ALEC Leads on Regulatory Reform
At the 47th ALEC Annual Meeting this week, Missouri Governor Mike Parson championed ALEC’s efforts to educate governors on the merits of eliminating burdensome regulations:
I want to thank ALEC for everything they do. You’re the think tank that comes up with a lot of great ideas for us to take and run with, and we get to implement them in our states.
Governor Parson went on to highlight some of Missouri’s work on this front:
We probably waived over 600 regulations in the state of Missouri during this time. Do you know what you really realize once you got that out of the way? Businesses can do a better job. People can do a better job once you get the regulatory environment out of there.
Iowa Governor Kim Reynolds also offered her thoughts on reform at the Annual Meeting:
We want to ensure that all Iowans have access to rewarding careers, and access to opportunities that living in this great state provides. So, were going to continue removing barriers to high-paying jobs, and some of the legislation we just passed is a key component of that.
Governor Parson and Governor Reynolds’ powerful remarks echo the regulatory reform efforts by ALEC and its membership of state legislators throughout the country. While the COVID-19 shutdowns have highlighted the urgent need for reform in recent months, ALEC has long been a leader on this front.
Adopted in 2017, the ALEC model policy, An Act to Establish a Cap on Government Red Tape, places a cap on state regulations and ensures that for every new regulatory requirement enacted, two old regulatory requirements are sunset – much like the Trump Administration’s efforts to eliminate red tape. States that have adopted all or some of the recommendations in the ALEC model policy via executive order include North Carolina, North Dakota, Maryland, Oklahoma, Tennessee, Idaho, Texas, Florida, Mississippi and Arizona.
When it comes to occupational licensing reform, ALEC adopted a universal recognition model policy in 2019, the Interstate-Mobility and Universal Recognition Occupational Licensing Act – that allows states to recognize work experience, private certification or an occupational license from another state. ALEC also has model policy called the Natural Hair Braiding Protection Act (adopted in 2016), which exempts natural hair braiding from occupational licensure.
Last year, Arizona enacted House Bill 2569, which allows individuals who are licensed plumbers, barbers, nurses, and other professionals in one state to be granted the same license in Arizona. The ALEC model policy on universal licensing recognition contains several of the provisions and principles that were included in the Arizona bill.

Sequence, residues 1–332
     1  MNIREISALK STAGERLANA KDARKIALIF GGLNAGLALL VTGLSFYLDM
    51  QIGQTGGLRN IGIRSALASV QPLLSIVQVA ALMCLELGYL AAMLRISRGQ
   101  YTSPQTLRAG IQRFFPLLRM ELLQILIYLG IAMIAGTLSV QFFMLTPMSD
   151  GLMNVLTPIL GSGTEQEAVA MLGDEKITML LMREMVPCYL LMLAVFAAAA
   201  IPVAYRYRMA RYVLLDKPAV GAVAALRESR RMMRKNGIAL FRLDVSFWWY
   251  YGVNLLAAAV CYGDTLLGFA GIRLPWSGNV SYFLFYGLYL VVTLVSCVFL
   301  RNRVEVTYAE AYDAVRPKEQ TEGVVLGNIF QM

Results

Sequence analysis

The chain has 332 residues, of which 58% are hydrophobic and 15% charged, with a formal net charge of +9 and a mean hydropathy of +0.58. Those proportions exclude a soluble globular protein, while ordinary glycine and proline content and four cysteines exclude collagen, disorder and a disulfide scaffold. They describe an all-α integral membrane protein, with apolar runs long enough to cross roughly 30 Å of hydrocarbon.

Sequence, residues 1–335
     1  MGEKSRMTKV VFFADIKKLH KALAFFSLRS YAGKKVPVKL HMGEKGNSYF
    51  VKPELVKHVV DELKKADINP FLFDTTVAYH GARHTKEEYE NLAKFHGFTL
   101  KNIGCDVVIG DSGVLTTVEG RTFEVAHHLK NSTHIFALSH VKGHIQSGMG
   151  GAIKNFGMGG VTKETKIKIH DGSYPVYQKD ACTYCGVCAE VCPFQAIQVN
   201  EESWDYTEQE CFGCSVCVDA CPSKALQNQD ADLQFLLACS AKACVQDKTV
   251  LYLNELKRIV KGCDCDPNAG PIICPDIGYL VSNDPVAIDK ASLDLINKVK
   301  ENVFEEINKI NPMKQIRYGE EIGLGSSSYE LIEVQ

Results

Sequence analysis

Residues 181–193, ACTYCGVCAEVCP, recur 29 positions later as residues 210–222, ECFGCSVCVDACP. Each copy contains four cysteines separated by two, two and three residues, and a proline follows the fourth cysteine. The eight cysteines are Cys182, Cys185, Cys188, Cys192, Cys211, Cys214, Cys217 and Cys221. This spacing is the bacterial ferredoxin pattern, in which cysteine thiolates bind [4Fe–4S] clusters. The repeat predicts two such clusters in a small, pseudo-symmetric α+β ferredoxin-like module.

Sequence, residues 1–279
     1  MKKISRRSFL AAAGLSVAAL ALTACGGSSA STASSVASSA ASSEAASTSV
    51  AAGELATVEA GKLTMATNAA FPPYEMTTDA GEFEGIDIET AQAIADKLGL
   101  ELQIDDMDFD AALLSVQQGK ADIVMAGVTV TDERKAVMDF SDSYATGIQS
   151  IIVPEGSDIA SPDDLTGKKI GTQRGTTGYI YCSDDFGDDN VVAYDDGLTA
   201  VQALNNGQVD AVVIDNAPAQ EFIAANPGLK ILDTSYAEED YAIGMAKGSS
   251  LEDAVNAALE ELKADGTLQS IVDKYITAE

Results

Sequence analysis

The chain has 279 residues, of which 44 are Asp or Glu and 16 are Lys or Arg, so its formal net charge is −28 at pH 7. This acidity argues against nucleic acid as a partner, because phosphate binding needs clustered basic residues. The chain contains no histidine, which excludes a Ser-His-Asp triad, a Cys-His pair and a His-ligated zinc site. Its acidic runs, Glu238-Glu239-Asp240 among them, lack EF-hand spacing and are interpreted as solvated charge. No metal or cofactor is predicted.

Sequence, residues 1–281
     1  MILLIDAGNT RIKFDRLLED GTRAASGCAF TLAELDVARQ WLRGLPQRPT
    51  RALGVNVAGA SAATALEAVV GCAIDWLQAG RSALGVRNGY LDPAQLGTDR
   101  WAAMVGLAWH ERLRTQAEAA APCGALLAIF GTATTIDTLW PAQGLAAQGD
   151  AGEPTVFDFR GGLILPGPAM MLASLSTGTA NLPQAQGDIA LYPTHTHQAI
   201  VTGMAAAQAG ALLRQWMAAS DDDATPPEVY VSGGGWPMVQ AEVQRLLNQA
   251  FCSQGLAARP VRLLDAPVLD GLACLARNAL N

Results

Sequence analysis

The pandemic has prompted numerous states and governors to follow suit. North Dakota Governor Doug Burgum issued an executive order temporarily dropping unique state licensure requirements, allowing professionals—particularly those in healthcare professions – to temporarily practice without North Dakota licensure if they are duly licensed in another state. Prior to the executive order, North Dakota had been working on professional licensure reciprocity, noting the success of the Arizona law.
Thanks to educational efforts by ALEC and its members, Iowa will now recognize an individual’s work experience from another state when he or she applies to obtain an occupational license, thanks to a bill recently signed by Governor Reynolds. This spring, Missouri became the first state in the Midwest to pass legislation to universally recognize out-of-state occupational licenses.
Consistent with ALEC principles and model policy, many other states have eliminated healthcare barriers during the COVID-19 crisis. Following the ALEC Policy Prescriptions to Address COVID-19, preliminary tracking indicates that 17 states expanded their allowance of or reimbursement for telemedicine. Twenty-one states allowed some version cross-state licensing, and 22 states suspended at least some of their Certificate of Need Laws.
At the federal level, ALEC continues to laud the Trump Administration’s regulatory efforts, like the recently finalized modernization of the National Environmental Policy Act (NEPA) review process. Just this week, ALEC CEO Lisa Nelson offered the following statement:
As America begins to reopen the economy, President Trump’s modernization of the NEPA review process will jump start infrastructure projects all over the country and create hundreds of thousands of new jobs. From shipyards and airports to roads and bridges, America needs to update its infrastructure for the 21st century. For too long, the NEPA review process stalled the construction of new infrastructure projects that power modern life. Let’s cut red tape and build the infrastructure that makes America great.
The ALEC staff and membership remain committed to pursuing additional reforms at the state and federal level. In our March 2020 op-ed in The Hill, ALEC Executive Vice President of Policy and Chief Economist Jonathan Williams and I outlined numerous opportunities to roll back burdensome regulations at the federal level, including suspension of both the Jones Act and the 1931 Davis-Bacon Act. The U.S. economy has thrived in the past few years, and ALEC will continue to provide support and ideas for policymakers seeking to undo damaging regulations to benefit all Americans.